5. Two of the Biblical inhabitants of Cyprus were Barnabas (Acts 4:36), and Bar-Jesus (Acts 13:6ff.). Could it be verified that either of the forementioned were Black?! Contact of Blacks with the island of Cyprus occurred at various historical points. It was conquered by Thutmose III of the 18th Dynasty (1501-1447 B.C.); it was influenced much by Crete; the Phoenicians made settlements on the island in the 9th and 8th c. B.C.; it was conquered by Aahmes (Amasis) of Egypt and held to 526 B.C.; it fell under the domain of Ptolemies of Egypt (323 B.C.); and again under their domain in 294-258 B.C. See ISBE, s.v. “Cyprus,” by M. N. Tod and R.A. Gwinn; Baker Encyclopedia of the Bible, (1988), s.v. “Cyprus”; Clarke, “Social Studies African-American Baseline Essay,” Op. cit., sec. “The Ptolemaic Period- 332-47 B.C.,” p. SS-43; Snowden has written: “The most convincing explanation of Negroid stone figures found in Cyprus is that the sculptures were portraits of Ethiopians in the civil and military service of the Egyptians during Egyptian occupation of the island under Amasis [king of Egypt] (568-525 B.C.).” “A striking piece of corroborative evidence for the presence of Ethiopians in Cyprus is the traditional opinion of the Cyprians themselves, recorded by Herodotus, that one component of their population was Ethiopian. The combined literary and archaeological evidence, together with the fact that Egyptians had a long history of recruiting Ethiopians, tends to confirm the view that the figures depicted Negroes present during military occupation of Cyprus in the sixth century. It is not possible to determine the size of the Negroid contingents among the Egyptian forces, but it does not seem likely that the Cyprians would have included Ethiopians in a statement of population statistics- the others mentioned being Salaminians, Athenians, Arcadians, Cythnians, and Phoenicians- had the numbers bee negligible.” Snowden, Blacks in Antiquity, (Cambridge, MA: Belknap Press, 1970), pp.121, 122-123; see also notes on pp. 24-25, 101, 157 and fig. 1, p. 33 [qtd. in The Black Presence in the Bible (pg. 153) by Walter Arthur McCray].
6. See James E. Brunson, Black Jade: African Presence in the Ancient East, intro. By Runoko Rashidi (Dekalb, IL: KARA Publishing Co., 1985), part iv., “The African Presence in the Ancient Mediterranean and Aegean Isles”, pp. 123-135. [qtd. in The Black Presence in the Bible (pg. 154) by Walter Arthur McCray].
7. In Biblical geographical world, Blacks were to be found in Arabia, Elam-Persia, Mesopotamia, Greece, India, Phoenicia, Crete, Cyprus, and Canaan, Egypt and Cush [qtd. in The Black Presence in the Bible (pg. 154) by Walter Arthur McCray].
8. Commenting on Exodus 6:14-27 dealing with Moses’ and Aaron’s genealogical line, we read: “Merari may be an Egyptian name. Such names are very frequent in the tribe of Levi, whatever the explanation: Moses Putiel…are other examples” Cole, Op. cit., p. 87.; “Moses was of black Cushite origin. Support for the opinion comes in the form of the Egyptian names carried by members of the family as well as by other Hebrews: Moses, Phinehas, Hophni, Merari, Pashur, etc., especially Phinehas, which means Black, Negro, Nubian, etc.” Copher, “Blacks and Jews in Historical Interaction: The Biblical/ African Experience.” Op. cit., p.13 [qtd. in The Black Presence in the Bible (pg. 154) by Walter Arthur McCray].
9. For example, see Judges 3:1-6. “…in prehistoric times, before the coming of the Hebrews to Canaan, and also during the time of Hebrew-Israelite-Jewish occupation, Negroid peoples lived in the land, apart from any black element in the Hebrew-Israelite –Jewish population.” Copher, “Blacks and Jews in Historical Interaction: The Biblical/ African Experience,” Op. cit., p. 11.; “…from 8,000 B.C. – the era of the Natufian Blacks of Canaan- to 3500 B.C., most of Western Asia, including Canaan, Mesopotamia, and the Arabian Peninsula, wsa inhabited more or less exclusively by a black people. Op. cit., p. 188.; Custance says Sennacherib, the king of Assyria (r. 705-681 B.C) refers to the Canaanites as “blackness of head people” in his infamous six-sided prism. This is the term which the indigenous population of Sumer (Biblical “Shinar”) used with reference to themselves. Custance, Op. cit., p. 152; see p. 72 and notes. [qtd. in The Black Presence in the Bible (pg. 154) by Walter Arthur McCray].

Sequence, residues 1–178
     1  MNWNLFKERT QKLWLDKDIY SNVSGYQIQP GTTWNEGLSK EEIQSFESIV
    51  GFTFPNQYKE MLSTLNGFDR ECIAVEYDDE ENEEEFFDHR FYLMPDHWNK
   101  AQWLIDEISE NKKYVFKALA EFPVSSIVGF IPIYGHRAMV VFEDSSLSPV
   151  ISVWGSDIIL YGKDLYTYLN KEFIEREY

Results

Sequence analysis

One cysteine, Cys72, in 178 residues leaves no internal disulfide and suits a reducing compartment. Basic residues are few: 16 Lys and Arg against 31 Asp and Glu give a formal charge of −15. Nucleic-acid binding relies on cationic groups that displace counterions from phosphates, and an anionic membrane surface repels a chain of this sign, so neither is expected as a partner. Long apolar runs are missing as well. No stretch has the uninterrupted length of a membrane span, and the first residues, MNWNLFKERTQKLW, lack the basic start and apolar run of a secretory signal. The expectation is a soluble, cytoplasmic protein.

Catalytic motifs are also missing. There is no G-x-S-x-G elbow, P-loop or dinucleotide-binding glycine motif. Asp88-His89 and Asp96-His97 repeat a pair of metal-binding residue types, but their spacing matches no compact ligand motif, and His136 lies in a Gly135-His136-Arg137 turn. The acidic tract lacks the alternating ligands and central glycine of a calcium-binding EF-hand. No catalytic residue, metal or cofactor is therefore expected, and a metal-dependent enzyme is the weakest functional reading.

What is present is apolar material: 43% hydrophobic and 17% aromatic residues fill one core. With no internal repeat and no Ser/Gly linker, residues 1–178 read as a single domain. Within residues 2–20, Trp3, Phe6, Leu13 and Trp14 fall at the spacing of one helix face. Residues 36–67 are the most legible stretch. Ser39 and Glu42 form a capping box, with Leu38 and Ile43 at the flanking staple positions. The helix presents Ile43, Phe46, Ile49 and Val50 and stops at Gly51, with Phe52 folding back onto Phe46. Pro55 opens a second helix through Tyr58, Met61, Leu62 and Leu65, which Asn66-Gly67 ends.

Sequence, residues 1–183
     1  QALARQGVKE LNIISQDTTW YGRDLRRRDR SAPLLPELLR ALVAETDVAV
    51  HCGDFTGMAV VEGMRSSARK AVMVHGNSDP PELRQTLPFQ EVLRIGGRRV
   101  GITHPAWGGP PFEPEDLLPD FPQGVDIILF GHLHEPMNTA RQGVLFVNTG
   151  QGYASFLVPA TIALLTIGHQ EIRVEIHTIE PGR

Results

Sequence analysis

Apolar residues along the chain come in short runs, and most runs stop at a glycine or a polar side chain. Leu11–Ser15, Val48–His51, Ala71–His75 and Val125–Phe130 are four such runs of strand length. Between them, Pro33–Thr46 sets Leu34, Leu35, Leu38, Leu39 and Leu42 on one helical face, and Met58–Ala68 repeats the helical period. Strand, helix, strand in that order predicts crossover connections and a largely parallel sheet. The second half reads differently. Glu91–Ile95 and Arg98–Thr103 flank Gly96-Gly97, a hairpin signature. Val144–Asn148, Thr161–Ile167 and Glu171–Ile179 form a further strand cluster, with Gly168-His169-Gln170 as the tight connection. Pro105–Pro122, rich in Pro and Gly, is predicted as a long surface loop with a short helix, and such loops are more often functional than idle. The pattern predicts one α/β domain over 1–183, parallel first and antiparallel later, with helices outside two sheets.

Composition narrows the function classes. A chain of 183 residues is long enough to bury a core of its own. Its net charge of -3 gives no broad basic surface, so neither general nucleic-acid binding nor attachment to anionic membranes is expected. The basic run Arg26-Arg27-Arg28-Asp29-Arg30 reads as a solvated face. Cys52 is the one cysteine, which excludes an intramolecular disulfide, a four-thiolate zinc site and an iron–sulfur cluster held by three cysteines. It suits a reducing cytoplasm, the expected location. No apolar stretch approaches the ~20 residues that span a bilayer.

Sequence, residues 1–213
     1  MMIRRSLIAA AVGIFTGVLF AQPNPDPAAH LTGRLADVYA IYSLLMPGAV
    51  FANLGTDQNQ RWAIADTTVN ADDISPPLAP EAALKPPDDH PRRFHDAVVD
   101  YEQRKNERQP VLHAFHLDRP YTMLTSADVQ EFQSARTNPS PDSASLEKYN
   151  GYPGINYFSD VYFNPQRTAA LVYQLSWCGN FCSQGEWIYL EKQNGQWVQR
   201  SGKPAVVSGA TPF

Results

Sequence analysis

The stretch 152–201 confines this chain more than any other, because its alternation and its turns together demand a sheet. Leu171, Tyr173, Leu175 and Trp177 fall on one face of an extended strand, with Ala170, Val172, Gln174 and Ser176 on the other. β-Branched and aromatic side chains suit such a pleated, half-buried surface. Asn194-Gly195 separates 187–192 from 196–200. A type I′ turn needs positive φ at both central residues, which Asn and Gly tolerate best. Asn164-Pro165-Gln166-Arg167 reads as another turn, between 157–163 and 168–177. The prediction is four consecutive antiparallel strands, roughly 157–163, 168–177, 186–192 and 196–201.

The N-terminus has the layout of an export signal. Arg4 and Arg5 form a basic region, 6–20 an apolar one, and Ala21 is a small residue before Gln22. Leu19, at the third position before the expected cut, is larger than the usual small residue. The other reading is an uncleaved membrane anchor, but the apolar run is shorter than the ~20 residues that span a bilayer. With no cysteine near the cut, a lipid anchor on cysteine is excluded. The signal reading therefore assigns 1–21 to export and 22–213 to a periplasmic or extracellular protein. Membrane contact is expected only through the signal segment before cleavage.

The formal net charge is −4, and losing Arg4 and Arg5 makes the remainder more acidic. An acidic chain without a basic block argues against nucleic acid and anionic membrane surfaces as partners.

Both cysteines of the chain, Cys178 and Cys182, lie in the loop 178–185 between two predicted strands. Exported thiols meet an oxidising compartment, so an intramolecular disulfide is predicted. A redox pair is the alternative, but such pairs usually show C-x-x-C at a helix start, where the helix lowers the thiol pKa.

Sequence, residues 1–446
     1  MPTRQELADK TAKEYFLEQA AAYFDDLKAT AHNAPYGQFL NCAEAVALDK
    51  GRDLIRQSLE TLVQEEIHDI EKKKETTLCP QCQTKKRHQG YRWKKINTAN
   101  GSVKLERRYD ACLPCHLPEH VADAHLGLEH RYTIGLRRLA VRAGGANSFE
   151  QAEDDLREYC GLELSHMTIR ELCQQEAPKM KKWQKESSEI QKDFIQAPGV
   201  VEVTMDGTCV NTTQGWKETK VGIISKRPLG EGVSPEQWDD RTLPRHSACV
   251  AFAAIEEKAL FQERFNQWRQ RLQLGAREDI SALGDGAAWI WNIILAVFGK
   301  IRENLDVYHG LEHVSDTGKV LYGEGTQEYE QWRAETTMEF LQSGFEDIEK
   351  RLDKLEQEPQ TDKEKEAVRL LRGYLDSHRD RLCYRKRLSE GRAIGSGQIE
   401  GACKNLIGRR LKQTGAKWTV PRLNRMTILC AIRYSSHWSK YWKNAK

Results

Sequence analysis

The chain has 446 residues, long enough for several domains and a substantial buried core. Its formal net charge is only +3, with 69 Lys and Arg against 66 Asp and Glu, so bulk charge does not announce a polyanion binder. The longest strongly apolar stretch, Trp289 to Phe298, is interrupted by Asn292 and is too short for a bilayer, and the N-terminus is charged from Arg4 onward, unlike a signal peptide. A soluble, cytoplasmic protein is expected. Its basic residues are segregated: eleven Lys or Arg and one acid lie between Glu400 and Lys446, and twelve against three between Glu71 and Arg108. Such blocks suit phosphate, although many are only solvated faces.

10. For instance Tamar the Canaanite (Genesisi 38:26ff.; Matthew 1:3); Rahab the Canaanite (Joshua 2:1; 6:25; Matthew 1:5); Bathsheba the wife of Uriah the Hittite (2 Samuel 11:3; Matthew 1:6) and Athalia, daughter of Ahab and Jezebel the Sidonian, the granddaughter of Omri (the sixth king of the northeren kingdom of Israel), who married Jehoram king of Judah, and became the mother of Ahaziah (Jehoahaz), king of Judah (1 Kings 16:29-31; 2 Kings 8:25-27; 11:1-3; 2 Chronicles 22:1-9). [qtd. in The Black Presence in the Bible (pg. 155) by Walter Arthur McCray].
11. A rather expansive category of evidence for identifying Blacks in the Biblical world is presented by Copher. Namely, archaeological data; modern historical works; critical Biblical scholarly works; personal names and adjectives; opinions of modern travelers, archaeologists and anthropologists; ancient Greek-Roman legends and historical writings; works of early Christians commentators; and ancient Jewish writings. See Copher, “Blacks and Jews in Historical Interaction: The Biblical/African Experience.” Op. cit., p. 11. [qtd. in The Black Presence in the Bible (pg. 155) by Walter Arthur McCray].
12. See Diop, “Origin of the ancient Egyptians,” Op. cit., sec. “Witness of the Bible,” p. 43. [qtd. in The Black Presence in the Bible (pg. 155) by Walter Arthur McCray].
13. When referencing Blacks in the Bible we can refer to “Cushite Blacks,” “Egyptian Blacks,” “Putite Blacks,” and “Canaanite Blacks.” Each of these descendants of Ham, except perhaps the Putites, had extensive dealings and contacts with the Covenant community in the Old Testament and are mentioned numerous times throughout the Scripture. Why should these peoples and their descendants not receive proper racial/ ethnic identification, and their Biblical data not be exegeted? [qtd. in The Black Presence in the Bible (pg. 155) by Walter Arthur McCray].